Chronic fatigue and women’s rage

1.  This post is a response to http://clarissasblog.com/2011/12/17/how-pill-guzzlers-theorize-their-identity/

 

I had the same condition during my twenties. My solution was to realize how much aggression I had turned inwards. Women — especially in right wing or religiously informed cultures — tend to unconsciously model themselves on the ideal of passive suffering as a form of sainthood. It’s not thought through or deliberate but an unconscious tendency. The body gets overheated and run down because all the energy that should be directed at the world is locked inside the body with nowhere to go. One should be sublimating this aggression by establishing one’s identity in the world, but the unconscious mind is determined to lock one into passive sainthood.

 

That was certainly my condition and there is no doubt in my mind that the illness was physiological. There is a certain point where you can’t simply “snap out of it”, because you’ve ruined your physiological health with this ongoing misdirected (and entirely unconscious) aggression.

 

The solution is to bring the aggression out of you in some way, very gradually, whilst working to develop a healthier self image at the unconscious level. The difficulty is that many would resist the idea that they harbored unconscious aggression. I had no trouble facing this insight as I have a very innovative mindset (which I had also been repressing).

 

May 2012 ADDENDUM: Many women try to solve the problem of macro- or micro-aggressions against them (designed to teach them the secondary nature of their place) by conforming to patriarchal mores and accepting traditional gender roles. They end up giving in to those who would have society return to a very traditional state. I resolved not to be one of those women. A person with situationally-engendered chronic fatigue needs to face their anger and aggression about the behaviour of significant people in their lives, as well as their anger about significant life events.Then they must gradually develop ways to use anger more productively, to release that pressure that has already built up. This has to be a long term goal, as one’s body needs to recover from all the abuse accepted into it over the long term, as a result of staying passive and submissive to events that had filled you with still unrecognized rage.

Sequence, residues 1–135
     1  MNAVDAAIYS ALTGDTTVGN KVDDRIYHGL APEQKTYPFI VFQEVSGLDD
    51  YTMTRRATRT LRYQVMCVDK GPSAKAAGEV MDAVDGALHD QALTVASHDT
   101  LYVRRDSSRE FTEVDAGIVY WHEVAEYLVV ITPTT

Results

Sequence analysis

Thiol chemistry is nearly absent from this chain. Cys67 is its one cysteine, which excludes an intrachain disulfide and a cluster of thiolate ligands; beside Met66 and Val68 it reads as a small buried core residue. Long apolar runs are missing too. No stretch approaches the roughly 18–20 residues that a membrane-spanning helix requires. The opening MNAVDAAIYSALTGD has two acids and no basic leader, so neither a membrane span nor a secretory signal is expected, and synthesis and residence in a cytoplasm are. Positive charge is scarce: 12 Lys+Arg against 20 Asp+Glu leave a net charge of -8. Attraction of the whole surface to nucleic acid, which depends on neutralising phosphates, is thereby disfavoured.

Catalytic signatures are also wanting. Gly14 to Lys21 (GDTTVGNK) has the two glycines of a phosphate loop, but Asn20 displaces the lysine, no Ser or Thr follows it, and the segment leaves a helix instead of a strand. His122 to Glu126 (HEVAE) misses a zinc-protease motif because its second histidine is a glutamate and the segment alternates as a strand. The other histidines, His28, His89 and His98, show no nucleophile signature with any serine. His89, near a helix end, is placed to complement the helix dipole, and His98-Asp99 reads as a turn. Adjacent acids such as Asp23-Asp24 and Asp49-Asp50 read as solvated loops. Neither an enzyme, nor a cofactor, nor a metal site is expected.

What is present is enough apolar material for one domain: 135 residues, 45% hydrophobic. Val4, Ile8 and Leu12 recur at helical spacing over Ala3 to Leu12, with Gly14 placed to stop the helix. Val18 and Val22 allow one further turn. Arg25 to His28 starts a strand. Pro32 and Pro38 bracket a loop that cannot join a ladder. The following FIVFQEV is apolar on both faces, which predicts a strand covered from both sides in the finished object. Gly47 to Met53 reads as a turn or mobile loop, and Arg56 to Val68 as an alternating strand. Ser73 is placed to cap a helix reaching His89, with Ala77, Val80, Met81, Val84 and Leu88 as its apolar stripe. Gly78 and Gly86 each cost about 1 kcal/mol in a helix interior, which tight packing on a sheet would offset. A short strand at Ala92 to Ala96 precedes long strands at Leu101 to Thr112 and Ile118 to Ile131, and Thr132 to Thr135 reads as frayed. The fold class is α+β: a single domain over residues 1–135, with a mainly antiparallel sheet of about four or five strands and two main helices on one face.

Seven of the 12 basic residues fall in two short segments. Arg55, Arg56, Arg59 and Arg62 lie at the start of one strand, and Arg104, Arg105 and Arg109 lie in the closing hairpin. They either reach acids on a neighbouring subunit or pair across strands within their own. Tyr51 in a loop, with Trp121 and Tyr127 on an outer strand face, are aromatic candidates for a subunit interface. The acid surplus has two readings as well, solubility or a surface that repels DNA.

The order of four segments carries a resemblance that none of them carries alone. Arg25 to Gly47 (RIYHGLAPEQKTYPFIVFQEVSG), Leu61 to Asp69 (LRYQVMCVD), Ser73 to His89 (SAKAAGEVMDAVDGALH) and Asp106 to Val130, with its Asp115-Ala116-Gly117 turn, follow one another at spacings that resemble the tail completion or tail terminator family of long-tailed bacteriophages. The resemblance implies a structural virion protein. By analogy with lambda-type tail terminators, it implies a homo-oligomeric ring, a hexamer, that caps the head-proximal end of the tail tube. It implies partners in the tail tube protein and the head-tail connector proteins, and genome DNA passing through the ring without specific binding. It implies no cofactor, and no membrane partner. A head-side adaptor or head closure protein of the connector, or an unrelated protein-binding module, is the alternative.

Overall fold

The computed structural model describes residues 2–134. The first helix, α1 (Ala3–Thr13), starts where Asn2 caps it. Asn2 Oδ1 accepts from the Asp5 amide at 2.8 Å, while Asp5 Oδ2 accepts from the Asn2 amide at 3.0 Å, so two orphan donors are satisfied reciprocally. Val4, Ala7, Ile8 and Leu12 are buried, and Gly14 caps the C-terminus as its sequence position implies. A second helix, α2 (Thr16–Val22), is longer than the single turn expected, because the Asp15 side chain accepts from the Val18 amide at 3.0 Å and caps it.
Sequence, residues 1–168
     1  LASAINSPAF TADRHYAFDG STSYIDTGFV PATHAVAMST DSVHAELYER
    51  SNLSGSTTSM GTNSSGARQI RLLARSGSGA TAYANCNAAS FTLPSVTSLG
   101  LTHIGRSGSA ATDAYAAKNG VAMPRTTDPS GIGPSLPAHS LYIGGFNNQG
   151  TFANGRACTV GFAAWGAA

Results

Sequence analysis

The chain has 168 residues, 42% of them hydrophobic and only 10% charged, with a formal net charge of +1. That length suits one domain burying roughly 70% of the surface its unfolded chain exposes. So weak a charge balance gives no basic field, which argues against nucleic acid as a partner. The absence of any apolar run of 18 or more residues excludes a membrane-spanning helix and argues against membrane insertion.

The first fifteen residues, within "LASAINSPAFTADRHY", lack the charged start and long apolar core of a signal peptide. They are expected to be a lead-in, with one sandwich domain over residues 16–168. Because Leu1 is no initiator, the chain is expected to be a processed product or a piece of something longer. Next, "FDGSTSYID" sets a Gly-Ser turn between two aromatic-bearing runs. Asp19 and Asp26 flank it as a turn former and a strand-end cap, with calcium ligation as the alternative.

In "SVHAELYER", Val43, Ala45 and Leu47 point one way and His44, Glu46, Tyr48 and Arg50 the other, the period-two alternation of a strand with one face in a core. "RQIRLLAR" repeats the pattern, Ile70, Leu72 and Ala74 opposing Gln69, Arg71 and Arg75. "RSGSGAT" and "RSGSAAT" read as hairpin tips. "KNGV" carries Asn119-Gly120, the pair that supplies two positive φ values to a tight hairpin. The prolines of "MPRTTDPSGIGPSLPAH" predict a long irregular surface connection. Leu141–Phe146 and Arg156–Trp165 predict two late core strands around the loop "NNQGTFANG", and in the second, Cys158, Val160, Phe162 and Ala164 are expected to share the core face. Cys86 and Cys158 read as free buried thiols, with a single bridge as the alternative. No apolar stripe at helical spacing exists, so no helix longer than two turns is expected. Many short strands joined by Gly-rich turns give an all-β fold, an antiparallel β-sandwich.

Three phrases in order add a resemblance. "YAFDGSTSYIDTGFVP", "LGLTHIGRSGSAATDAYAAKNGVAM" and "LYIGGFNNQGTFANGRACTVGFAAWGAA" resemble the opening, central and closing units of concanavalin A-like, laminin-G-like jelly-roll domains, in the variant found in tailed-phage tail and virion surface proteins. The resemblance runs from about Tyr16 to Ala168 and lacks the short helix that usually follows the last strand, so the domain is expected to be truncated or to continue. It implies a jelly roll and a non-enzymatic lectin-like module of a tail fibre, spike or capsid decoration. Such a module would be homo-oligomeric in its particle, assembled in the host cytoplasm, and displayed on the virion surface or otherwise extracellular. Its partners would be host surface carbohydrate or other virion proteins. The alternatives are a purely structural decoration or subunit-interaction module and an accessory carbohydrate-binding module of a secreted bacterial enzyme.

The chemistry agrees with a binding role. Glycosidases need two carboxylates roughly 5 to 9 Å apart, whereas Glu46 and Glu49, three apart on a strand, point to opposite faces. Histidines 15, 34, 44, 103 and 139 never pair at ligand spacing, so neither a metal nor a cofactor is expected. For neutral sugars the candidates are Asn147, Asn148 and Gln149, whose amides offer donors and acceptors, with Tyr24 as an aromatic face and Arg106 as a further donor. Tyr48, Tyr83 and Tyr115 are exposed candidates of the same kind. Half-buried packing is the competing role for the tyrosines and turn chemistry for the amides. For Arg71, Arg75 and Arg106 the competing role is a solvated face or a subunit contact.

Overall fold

2.

  1. Somebody asked how one gets rid of any internal build up of aggression. I learned a lot about human character structure from Nietzsche. That’s how I understand that, unbeknownst to myself, my character structure had become masochistic. I accepted everything without getting angry. I was very angry about having to emigrate from Zimbabwe, but I had no idea. I never expressed any negative emotion about anything. I was perfectly controlled. Nietzsche uses such terms as “physiologically inhibited” and mocks those who do not understand that life is not lived on the basis of unconditional compliance to social norms. Rather, “Digressions, objections, delight in mockery, carefree mistrust are signs of health; everything unconditional belongs in pathology.” Anyway, this extreme level of self control seems almost the opposite to what most people are struggling with today, so it makes it very difficult to offer any advice. I do advise reading Nietzsche, though, if you want to try to figure out psychology.

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One thought on “Chronic fatigue and women’s rage

  1. And, from the comments in that article Clarissa linked to, this is exactly what I’m talking about concerning the female martyr complex:
    “i’m so exhausted of the rigamarole of recommendations and the insistence that it’s mind over matter and i’m not trying hard enough. i don’t know anyone who *tries* harder than i do. i am always perky, happy, grateful, and optimistic. i’m a giver, i go to church and i pray daily and diligently. i give to charity. i volunteer. i love babies and animals. i do yoga. i’ve done acupuncture. i get trigger point injections and adjustments. i’ve been through and through psych consults and testing… neuro psych testing. i’ve messed with my diet, i’ve taken supplements. i meditate. I DO EVERY EFFING THING UNDER THE SUN. including get sun, and avoid the sun, vitamin D supplements…”

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